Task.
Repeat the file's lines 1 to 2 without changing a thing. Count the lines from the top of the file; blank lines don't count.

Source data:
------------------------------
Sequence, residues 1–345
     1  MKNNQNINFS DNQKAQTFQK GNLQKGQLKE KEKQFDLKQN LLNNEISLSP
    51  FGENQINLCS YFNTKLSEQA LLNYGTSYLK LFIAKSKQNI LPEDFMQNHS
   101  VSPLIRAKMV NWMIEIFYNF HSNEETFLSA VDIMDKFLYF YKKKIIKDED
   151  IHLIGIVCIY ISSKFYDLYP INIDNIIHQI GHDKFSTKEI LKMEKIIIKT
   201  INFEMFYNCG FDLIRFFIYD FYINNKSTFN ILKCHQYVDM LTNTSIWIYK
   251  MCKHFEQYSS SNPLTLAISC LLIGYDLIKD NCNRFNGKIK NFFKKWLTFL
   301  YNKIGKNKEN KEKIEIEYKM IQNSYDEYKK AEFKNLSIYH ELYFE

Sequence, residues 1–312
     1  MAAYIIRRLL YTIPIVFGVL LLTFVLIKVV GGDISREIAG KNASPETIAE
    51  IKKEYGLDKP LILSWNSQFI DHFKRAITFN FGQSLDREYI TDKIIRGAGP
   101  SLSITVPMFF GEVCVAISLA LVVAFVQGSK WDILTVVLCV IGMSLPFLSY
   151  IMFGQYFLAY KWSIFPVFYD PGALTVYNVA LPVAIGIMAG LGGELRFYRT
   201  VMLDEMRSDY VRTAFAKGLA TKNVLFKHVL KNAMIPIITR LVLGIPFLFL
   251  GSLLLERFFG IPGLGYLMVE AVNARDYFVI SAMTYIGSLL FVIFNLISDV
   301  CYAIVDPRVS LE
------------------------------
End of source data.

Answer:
Sequence, residues 1–345
     1  MKNNQNINFS DNQKAQTFQK GNLQKGQLKE KEKQFDLKQN LLNNEISLSP